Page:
It’s that time of year again…
My two-leggers are so afraid of my fearless abandon when it comes to ridding the estate of undesirable intruders that they have placed me under house & bookshop arrest. I’m only allowed out on a leash and just before and after rides.
“Because, Stella. The hard water is thin and the Sneaky Deer with trees growing out of their heads are in rut, and it’s just too dangerous to be on our own out there!”
“I can look after myself.”
“Yeah… I know all about how well you look after yourself, Stella.”
“Oh. Well, yes. But I was young and foolish then. And, as I recall, it was you who went through the hard water last winter. Not me.” She did, too.
It was the strangest thing when it happened. She had run across our bay to get a picture, then she thought she’d go for a longer walk with me. As she went around the end of our point, there was a sort of popping noise and Elizabeth fell flat on her face. I came over to see what she’d cried out for, and the hard water began to make a funny cracking noise. Elizabeth yelled at me to get back, and she managed to get her leg out of the splashy stuff and the hole in the hard water. Then she rolled really fast until she was on the trail the noisy machines that travel on the ice make.
I had a good sniff at the hole she made. It wasn’t very big, but it was fascinating. Who knew the water wasn’t hard all the way down? I was able to have a nice drink of cold splashy water. It was refreshing!
We’d had snow flurries all day and the sun was just breaking through the clouds late in the afternoon. Elizabeth took this picture just before she fell through the ice.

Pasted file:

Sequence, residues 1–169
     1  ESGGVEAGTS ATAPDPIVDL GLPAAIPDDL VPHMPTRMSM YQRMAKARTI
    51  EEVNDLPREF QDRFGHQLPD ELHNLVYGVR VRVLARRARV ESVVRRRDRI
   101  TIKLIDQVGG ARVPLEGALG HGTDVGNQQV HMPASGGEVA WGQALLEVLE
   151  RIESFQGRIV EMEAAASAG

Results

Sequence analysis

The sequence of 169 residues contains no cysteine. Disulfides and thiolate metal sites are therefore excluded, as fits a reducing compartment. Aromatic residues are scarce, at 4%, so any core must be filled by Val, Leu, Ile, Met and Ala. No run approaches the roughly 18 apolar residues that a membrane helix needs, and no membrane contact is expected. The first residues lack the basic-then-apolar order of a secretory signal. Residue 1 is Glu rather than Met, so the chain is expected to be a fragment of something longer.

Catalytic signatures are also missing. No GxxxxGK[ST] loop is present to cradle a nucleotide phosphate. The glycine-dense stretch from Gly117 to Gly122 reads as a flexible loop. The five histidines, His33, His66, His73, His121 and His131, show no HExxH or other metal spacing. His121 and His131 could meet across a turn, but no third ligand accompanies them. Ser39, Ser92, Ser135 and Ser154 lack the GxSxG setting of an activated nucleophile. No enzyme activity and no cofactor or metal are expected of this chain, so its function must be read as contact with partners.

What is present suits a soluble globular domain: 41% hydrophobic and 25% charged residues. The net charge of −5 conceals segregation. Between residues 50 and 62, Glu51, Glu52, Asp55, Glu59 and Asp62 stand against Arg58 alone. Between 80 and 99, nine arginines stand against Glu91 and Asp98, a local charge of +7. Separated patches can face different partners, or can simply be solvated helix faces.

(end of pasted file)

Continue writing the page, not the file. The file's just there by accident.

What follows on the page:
Elizabeth looked a bit worried as she looked over our bay toward the house. It wasn’t very far away, but she’d got her whole left leg soaked and had to walk home through unpacked snow and up a steep hill in -27 C and wind.
Two-leggers are different from us dogs. They aren’t as hardy. She was swinging her leg in a funny way by the time we got to the door – all the human fur she’d put on it to go outside in the first place was frozen solid! I tried to help her by biting the ice out as we walked home, but that just got her angry at me. She wanted to get home in a hurry, I guess, and I was slowing her down.
“That’s true. I did fall through. That’s why I worry about you. What if that sly rascal Fox decided to lead you a merry chase —”
“I’d get him!”
“And he ran out onto the ice?”
“I’d get him!”
“Exactly what I’m afraid of.”
“What do you mean?”
“That sly rascal Fox weighs a lot less than you do. He can run over the ice and not fall through, and he knows it. But you have only one thing on your mind: catching that fox. And before you know it, the ice is breaking underneath you because you weigh at least four times more than the fox does!”
“Well, then, I’d climb out!”
Well, I got another couple of stories about a dog she had a long time ago and one about Cocoa the Cheasapeake Bay Retriever. Both Pup and Cocoa went through the ice and couldn’t get out without two-legger help. Elizabeth was able to help them, but she’s afraid she might not be able to help me if I got out too far, or if she didn’t hear me or realise I’d gone through. Pup and Cocoa were both Chessies and made for cold water, and they went through in the Spring and close enough to shore that Elizabeth could reach them with poles or by smashing through the almost candled ice to make a path for them to swim out. Fall ice, she says, is different.
And I’m not as strong a swimmer as the Chessies were. I’m only 1/4 Newfoundland. That’s the swimming part of me. And I don’t have the protective oily coat that sheds water – my wool gets soaked pretty quickly when I swim.
So, for now, I’m an indoors dog. I can still sleep under the stars if I want, and I’ve pulled my blanket out of my house a bit for just that purpose. As long as my wool is dry, I’m warm enough! But the only running and chasing I’ll be doing for the next couple of weeks will be in my dreams.